April 6, 2020

4 Key Components of an Insurance Risk Analysis for Your Company

insurance risk analysis

As your organization grows and changes, is your insurance coverage keeping pace? One way to be sure is through an insurance risk analysis. This comprehensive evaluation allows you to determine what exposures the business is facing so you can decide whether to accept a specific risk or take steps to prevent or minimize it. Here are the four key components of an insurance risk analysis:

1. Interview Key Employees

Talk to those employees who know your business best. Find out what changes are taking place and if there are any new, increased or reduced exposures. Ask for insights on:

  • Building Updates or Expansion
  • New Vehicles or Equipment, including changes in values
  • Revenue Improving or Declining
  • Staffing Changes, including leadership team
  • Product and Service Offering Changes
  • Inventory Changes

Changes in your business may require different limits or coverages. The more information your insurance broker has, the better equipped he is to negotiate your insurance premiums.

2. Review Business Documents 

These are some of the key documentations that help insurance brokers fully understand your risk and ensure there are appropriate coverage and risk transfer mechanisms in place:

  • Organization Chart
  • Recent Financials
  • Contracts and Leases
  • Insurance Policies

3. Identify Key Areas of Risk

Every business, regardless of industry, faces different risks at different levels. Assess threats or risks most likely to occur based on your company’s history, location, physical structure, operational and technical infrastructure, regulatory requirements, and other factors.

  • Disasters – Manmade or natural disasters are certainly areas for exposure. Everything from tornadoes, hurricanes, floods, earthquakes, lightning strikes, wildfires and explosions to industrial accidents, chemical/hazardous material spills, communications and utility outages, system disruptions and transportation accidents should be considered.
  • Malicious Attacks – Some of the major concerns today are active shooter incidents, cyber and employee theft. You can also suffer from threats to your business reputation (off- or online), protests, civil unrest/riots, terrorism, bomb threats, vandalism, robbery and armed intruders.
  • Workforce Loss – Consider the likelihood of losing staff due to long-term disability or illness, epidemic (e.g., flu, coronavirus), fatalities and worker strike.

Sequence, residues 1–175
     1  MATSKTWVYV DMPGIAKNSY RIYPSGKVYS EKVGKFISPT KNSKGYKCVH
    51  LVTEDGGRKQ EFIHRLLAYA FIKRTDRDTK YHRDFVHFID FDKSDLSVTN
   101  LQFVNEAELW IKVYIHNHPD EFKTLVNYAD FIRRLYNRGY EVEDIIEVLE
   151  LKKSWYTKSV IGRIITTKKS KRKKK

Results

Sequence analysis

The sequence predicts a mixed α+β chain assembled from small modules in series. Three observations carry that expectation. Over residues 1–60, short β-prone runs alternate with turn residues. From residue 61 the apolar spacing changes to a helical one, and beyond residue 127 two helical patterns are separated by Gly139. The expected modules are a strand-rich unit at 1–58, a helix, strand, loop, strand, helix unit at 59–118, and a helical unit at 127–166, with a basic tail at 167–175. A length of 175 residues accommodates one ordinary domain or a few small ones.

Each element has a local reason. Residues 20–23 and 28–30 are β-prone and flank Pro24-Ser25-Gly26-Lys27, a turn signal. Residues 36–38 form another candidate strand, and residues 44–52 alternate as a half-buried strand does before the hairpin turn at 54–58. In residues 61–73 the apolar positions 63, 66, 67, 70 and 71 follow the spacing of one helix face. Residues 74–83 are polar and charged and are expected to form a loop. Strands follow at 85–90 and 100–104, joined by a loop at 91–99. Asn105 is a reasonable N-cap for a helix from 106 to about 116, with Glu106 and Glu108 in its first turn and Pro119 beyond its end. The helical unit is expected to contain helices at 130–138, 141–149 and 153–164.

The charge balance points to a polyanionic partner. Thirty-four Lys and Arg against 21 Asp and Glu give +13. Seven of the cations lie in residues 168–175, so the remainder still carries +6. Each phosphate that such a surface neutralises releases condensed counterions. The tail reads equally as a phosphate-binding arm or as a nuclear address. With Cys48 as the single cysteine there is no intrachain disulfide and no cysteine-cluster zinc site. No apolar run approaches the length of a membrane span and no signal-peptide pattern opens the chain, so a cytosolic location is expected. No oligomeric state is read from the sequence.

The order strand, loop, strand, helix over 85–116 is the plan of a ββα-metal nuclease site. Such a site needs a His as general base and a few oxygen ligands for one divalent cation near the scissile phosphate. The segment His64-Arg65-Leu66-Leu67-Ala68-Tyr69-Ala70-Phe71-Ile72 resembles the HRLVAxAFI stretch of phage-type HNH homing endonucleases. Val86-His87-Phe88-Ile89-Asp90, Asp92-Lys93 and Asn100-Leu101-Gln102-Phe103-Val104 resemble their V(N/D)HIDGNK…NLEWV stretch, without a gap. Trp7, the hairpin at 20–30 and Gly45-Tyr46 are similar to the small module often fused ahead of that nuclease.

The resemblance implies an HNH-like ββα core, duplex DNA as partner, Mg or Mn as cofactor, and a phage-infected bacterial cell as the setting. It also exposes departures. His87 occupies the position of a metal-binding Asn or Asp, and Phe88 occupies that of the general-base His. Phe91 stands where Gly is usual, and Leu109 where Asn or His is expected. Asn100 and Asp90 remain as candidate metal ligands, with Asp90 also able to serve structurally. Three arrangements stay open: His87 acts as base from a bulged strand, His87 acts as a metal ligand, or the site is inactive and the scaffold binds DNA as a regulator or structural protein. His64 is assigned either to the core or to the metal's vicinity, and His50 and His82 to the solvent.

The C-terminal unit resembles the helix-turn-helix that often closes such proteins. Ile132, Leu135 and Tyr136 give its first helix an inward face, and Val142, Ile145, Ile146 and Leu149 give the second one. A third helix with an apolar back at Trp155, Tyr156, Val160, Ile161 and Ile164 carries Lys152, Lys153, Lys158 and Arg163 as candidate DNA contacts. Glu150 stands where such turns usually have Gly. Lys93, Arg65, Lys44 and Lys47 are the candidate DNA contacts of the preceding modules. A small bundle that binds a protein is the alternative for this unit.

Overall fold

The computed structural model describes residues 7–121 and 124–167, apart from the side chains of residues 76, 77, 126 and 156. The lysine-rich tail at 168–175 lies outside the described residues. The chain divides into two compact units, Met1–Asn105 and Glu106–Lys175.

• Kidnap & Ransom – If your employees are traveling internationally, this is an area of increasing risk.
  • Human Error – While not necessarily malicious, poor training, poor maintenance, carelessness, misconduct, substance abuse and fatigue can all lead to human errors and increased risk.

4. Assess Current Risk Controls

Evaluating current controls and determining if they are enough is the final step in a comprehensive risk analysis. There are several areas worth assessing to ensure adequate strategies are in place to reduce or manage risk.

  • Loss Control and Safety Procedures – Do you have a safety program? Are employees provided with job training? What measures are in place to protect your company and employees?
  • Hiring and Human Resource Practices – HR can implement a variety of practices to prevent or mitigate risk. From hiring/vetting processes like background checks and driver’s motor vehicle record reviews to employee training.  
  • Cyber/Data Security Measures – How are you handling sensitive information? What cyber security measures are in place? Do you have cyber liability insurance to cover the expenses if you suffer from a data breach?
  • Lease and Contractual Agreements – A written agreement can help avoid misunderstandings, surprises and legal proceedings. Work with your lawyer and insurance broker/risk manager to identify and eliminate language that can increase your exposure.
  • Disaster Recovery/Emergency Preparedness Plans – Do you review your plan on a regular basis to ensure it covers all potential disruptions, beyond natural disasters? This practice will help your business recover and resume operations quickly and efficiently.
    • Business Continuity – Review your continuity plan to ensure your business can continue to operate in the event of a loss of any critical operations. Explore business continuity insurance if not already part of your insurance coverage.
  • Claims Monitoring and Analysis – What protocols and best practices are in place, or could be enhanced, to avoid or minimize the historical claims you’ve experienced? Is your underwriter or insurance broker claims representative advocating on your behalf?
  • Insurance Coverage – Evaluating insurance coverage needs is a key factor in managing risk. Your insurance broker should explain all options to you so that you can make informed decisions based on your specific coverage requirements and risk appetite.

For more information about risk analysis, contact your local risk and insurance representative or a member of our team.

Related Resources:

What to Expect from a Comprehensive Insurance Audit
Building a Culture of Safety
Ensuring Your Business Is Prepared for Disaster
6 Steps to Minimize Business Interruptions

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